October 1, 2013

DIY 2X4 CNC Version 1

I had been quite excited when I found out about CNC machines and did a lot of research on them.  After a while I started to look at the DIY reports about people making their own CNCs.  While not the best out there it seems like making a CNC for wood carving out of wood was possible.  I let the idea sit for quite a while but have finally bit the bullet and ordered parts for my first attempt.

The CNC has four main parts, the software, the frame, the electronics and the spindle.  For software I used LinuxCNC.  For my frame I used v bearings and steel L brackets supported by 2x4 lumber.  This was driver by 1/2" threaded rod.  For electronics I grabbed a 3 axis kit from ebay (link here).  For the spindle I used my Proxxon rotary tool with 1/8" end mills.

The cost ended up being around $600, with half of that being the electronics package.  The v bearings were also quite expensive but I knew I could use them on other things if the CNC did not work out.  After a few weeks of cutting and putting things together I had a working CNC.

Now I knew starting out that I would either improve on this CNC or build a new one after getting some experience so I was not expecting the greatest accuracy or performance.  And my expectations were right.  While the cnc was ok in accuracy my linear rail setup was not the best.  Part of this stemmed from only having a few basic power tools and not being able to grind the rails smooth.  So the cuts on it tended to wiggle a bit as the gantry moved.  My choice of threaded rod gave it a lot of moving power, but the trade off was the speed was quite slow, close to 5 in/min which is quite slow.  I had no trouble with a small end mill but a full size router would likely have burning issues.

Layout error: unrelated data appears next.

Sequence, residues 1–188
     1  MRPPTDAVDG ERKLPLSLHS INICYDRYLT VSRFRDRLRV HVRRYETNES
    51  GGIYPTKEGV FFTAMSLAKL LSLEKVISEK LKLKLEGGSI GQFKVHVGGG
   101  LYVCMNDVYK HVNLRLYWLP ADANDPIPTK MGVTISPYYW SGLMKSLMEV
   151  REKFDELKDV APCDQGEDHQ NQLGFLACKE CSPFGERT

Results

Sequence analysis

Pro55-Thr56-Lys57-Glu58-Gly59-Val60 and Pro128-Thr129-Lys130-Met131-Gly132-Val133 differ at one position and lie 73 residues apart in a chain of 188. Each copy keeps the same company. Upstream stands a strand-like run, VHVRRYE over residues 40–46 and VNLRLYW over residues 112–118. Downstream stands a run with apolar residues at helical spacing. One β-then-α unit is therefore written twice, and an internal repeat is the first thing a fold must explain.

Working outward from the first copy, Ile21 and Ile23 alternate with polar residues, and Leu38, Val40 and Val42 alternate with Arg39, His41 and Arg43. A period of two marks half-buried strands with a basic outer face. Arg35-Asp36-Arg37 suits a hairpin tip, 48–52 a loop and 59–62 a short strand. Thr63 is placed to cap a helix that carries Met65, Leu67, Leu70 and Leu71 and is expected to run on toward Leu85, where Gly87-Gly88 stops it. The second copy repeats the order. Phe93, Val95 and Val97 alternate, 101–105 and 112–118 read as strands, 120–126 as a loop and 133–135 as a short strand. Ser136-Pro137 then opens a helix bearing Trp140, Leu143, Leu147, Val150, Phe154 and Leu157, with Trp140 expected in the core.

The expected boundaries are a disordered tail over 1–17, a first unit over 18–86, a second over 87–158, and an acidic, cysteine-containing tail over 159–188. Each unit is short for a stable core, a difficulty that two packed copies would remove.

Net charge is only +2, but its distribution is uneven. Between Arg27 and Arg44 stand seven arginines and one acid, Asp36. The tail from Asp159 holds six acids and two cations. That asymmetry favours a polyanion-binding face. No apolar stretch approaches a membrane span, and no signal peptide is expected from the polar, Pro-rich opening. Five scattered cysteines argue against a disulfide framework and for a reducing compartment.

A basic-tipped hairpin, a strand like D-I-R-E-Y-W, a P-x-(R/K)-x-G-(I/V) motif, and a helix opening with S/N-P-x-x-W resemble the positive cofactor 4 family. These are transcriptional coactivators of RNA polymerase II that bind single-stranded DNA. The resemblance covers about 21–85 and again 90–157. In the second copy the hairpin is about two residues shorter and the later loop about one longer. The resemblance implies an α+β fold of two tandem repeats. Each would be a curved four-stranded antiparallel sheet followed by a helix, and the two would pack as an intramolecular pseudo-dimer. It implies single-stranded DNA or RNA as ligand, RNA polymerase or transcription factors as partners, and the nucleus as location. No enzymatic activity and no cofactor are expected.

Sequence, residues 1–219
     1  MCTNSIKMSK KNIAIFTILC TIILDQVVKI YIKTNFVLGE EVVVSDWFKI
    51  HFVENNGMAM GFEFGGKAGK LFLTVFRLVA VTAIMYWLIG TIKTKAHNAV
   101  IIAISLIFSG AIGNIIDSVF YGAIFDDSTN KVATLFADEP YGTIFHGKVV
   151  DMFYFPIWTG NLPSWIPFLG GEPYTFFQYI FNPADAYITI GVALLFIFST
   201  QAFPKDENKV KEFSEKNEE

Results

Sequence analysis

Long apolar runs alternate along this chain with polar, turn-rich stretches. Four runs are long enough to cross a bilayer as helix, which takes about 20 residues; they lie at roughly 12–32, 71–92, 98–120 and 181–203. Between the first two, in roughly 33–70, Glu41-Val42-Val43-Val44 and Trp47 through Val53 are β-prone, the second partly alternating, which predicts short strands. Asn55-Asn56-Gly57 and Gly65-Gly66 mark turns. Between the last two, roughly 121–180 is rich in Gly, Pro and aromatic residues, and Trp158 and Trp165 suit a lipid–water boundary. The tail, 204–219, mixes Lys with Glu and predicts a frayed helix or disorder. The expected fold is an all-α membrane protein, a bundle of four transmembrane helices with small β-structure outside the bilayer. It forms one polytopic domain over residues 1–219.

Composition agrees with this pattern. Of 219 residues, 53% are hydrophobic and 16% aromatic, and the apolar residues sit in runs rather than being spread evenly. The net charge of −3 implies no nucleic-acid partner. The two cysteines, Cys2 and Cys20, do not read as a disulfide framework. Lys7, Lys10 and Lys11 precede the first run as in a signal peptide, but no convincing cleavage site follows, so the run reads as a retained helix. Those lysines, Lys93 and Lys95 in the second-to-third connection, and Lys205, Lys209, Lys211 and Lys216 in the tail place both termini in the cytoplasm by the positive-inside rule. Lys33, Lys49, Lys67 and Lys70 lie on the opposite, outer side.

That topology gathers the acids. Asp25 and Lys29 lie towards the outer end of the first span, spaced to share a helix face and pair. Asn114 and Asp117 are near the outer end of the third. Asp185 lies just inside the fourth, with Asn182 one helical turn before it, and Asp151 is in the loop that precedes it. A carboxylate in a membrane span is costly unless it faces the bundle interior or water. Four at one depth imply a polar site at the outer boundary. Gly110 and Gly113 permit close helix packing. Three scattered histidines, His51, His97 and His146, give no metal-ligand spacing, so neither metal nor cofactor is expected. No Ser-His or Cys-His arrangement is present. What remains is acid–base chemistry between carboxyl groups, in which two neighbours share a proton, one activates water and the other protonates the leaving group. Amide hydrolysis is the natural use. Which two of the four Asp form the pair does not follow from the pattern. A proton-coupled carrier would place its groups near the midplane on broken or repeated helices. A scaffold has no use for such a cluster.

While far from perfect this CNC allowed me to do a few engraving projects that were small and worked well, as well as get used to using a CNC.  So after a year of poking at it I decided it was worth it to start looking as building a new CNC.

Looking back there are a few things that I would have done differently, the first is get better tools.  I was extremely limited in what building tools I had, (hand drill/jig saw/hack saw) so the frame and linear rails are very roughly built.  Now that does prove you can create a CNC with basic tools but the quality will suffer.  Second is making my gantry smaller.  I had some dreams of grandeur thinking I could have a CNC and 3D printer in one.  This is a bad idea and it will not work as CNCs are too slow.  A CNC really needs to have a gantry height that will just fit what you are working on, the taller it is the less stiffness you will have, which was a problem in this one.  Finally I would go with better linear rails.  I liked the v bearing idea as it is easy to extend if you need longer rails, but it just is not accurate and stable enough the way I did it.  I am thinking square tube embedded in a v channel in the wood would be a better approach, however I think i will go with SBR rail on my next design as I just do not think the tensioning on bearings is easy to work around.

The best thing about this whole project is that I was able to find good uses for a CNC and learn the software side as I used LinuxCNC with CAD software as well as some straight Gcode designing.  if you think you may want a CNC I would highly suggest going for a simple DIY version first, looking back a simple drawer slide version would have been cheaper and just as accurate if not better, but as you can reuse the electronics and motors a simple CNC will get you started and from there you can figure out if it is worth investing in a better CNC after that.